Nonprofit Promotes Golf for the Disabled

When E.Q. Sylvester retired after 50 years of working in manufacturing, he was looking forward to spending his twilight years traveling, golfing and enjoying his grandchildren. Shortly after his official departure from business, his plan took an unpredicted turn and a serious infection caused him to lose three of his limbs.

E.Q. Sylvester

Sylvester says that afterward the only thing that he could focus on was learning to develop his range of movement again with the use of prosthetics but he was grateful to still be alive and surrounded by his family. He did express a great deal of longing for his lifelong past time of playing golf, however and he grieved his dream to play the top fifty courses in the world when he had the time after retiring.

Learning to golf again with only one hand and no feet was no easy task for Sylvester but he was determined to keep trying and to return to his once well planned dream. He invested some effort into research to try to find out how he could adapt his game through special equipment such as clubs and mobility tools but found very little choice for disabled golfers. With necessity being the mother of invention, he formed a non-profit organization, the Freedom Golf Association, with a focus on providing the necessary resources for people with physical and cognitive disabilities to golf. Sylvester quotes statistics of one in five Americans suffering from some kind of disability which they must overcome in order to function in the same capacity as others, with golf as an example of one of these functions.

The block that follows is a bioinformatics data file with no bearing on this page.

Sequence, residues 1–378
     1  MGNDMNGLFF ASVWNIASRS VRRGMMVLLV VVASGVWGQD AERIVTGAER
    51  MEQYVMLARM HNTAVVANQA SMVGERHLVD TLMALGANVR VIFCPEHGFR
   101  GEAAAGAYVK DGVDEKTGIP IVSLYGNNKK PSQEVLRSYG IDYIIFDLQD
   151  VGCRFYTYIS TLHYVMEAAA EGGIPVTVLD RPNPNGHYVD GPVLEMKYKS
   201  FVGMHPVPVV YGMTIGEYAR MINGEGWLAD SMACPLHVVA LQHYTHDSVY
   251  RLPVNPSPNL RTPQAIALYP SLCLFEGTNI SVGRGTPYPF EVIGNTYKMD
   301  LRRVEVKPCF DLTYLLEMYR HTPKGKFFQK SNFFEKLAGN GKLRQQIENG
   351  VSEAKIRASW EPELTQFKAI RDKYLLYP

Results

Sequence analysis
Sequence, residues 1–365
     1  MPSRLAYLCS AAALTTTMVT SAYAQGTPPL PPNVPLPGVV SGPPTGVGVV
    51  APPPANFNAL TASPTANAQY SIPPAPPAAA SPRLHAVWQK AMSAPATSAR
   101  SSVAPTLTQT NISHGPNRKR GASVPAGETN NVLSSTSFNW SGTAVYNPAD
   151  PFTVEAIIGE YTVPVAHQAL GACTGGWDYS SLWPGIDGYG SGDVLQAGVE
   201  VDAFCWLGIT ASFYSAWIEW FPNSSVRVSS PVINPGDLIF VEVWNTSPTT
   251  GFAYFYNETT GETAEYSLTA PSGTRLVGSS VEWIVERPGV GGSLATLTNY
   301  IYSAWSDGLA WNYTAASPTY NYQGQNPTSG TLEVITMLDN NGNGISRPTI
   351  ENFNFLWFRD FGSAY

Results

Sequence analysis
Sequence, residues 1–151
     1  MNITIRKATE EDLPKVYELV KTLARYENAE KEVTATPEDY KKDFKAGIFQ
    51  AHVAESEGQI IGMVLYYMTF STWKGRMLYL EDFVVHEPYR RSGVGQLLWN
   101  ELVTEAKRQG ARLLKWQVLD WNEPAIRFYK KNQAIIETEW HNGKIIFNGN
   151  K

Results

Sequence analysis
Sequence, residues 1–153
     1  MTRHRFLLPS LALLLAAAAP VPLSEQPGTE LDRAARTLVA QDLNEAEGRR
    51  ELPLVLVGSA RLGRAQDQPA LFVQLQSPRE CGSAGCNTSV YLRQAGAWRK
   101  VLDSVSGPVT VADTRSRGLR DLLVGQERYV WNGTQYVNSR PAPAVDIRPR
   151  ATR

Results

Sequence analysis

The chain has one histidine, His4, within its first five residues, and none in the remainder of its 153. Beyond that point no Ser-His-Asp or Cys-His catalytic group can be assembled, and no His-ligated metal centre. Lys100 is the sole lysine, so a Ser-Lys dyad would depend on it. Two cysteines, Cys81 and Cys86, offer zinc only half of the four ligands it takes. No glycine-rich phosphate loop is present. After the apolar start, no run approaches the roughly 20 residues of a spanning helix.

Sylvester used his business background to assist him in setting up the non-profit, finding that many of his skills were transferable to that environment. The non-profit has now provided golf instruction to over 180 disabled people, logging almost 700 hours of learning. The organization relies heavily on the support of volunteers including certified adaptive instructors although it does employ 3 part time staff. Because all of the instructional services are offered to users at no charge, fundraising is an essential part of the organizational structure. The non-profit also holds a golf classic annually as well as invitational tournaments open for free to the disabled users.

He says that it is because of the support that he has received from his own personal network and the business community that he is able to continue to offer adaptive golf service. The Rehabilitative Institute of Chicago is working closely with Freedom Golf Association to assist them in acquiring the necessary funding to continue operation.

As for a leisurely retirement, Sylvester says that his plan has taken quite a different direction. He is working harder now than he did in his first career but the passion he has behind it makes it far more enjoyable. He has had the opportunity to meet some of his golfing goals, however, and his grandchildren have joined “their bionic grandfather” on occasion on the fairways.

His plans are to continue to extend the reach of the FGA in the future and initiate chapters across the country. He is also lobbying for the inclusion of golf in the 2020 Paralympic Games. E.Q. Sylvester is a prime example of how one can turn a perceived tragic situation into an opportunity that not only improves one’s own life but serves the betterment of a far greater community than one even knew existed.

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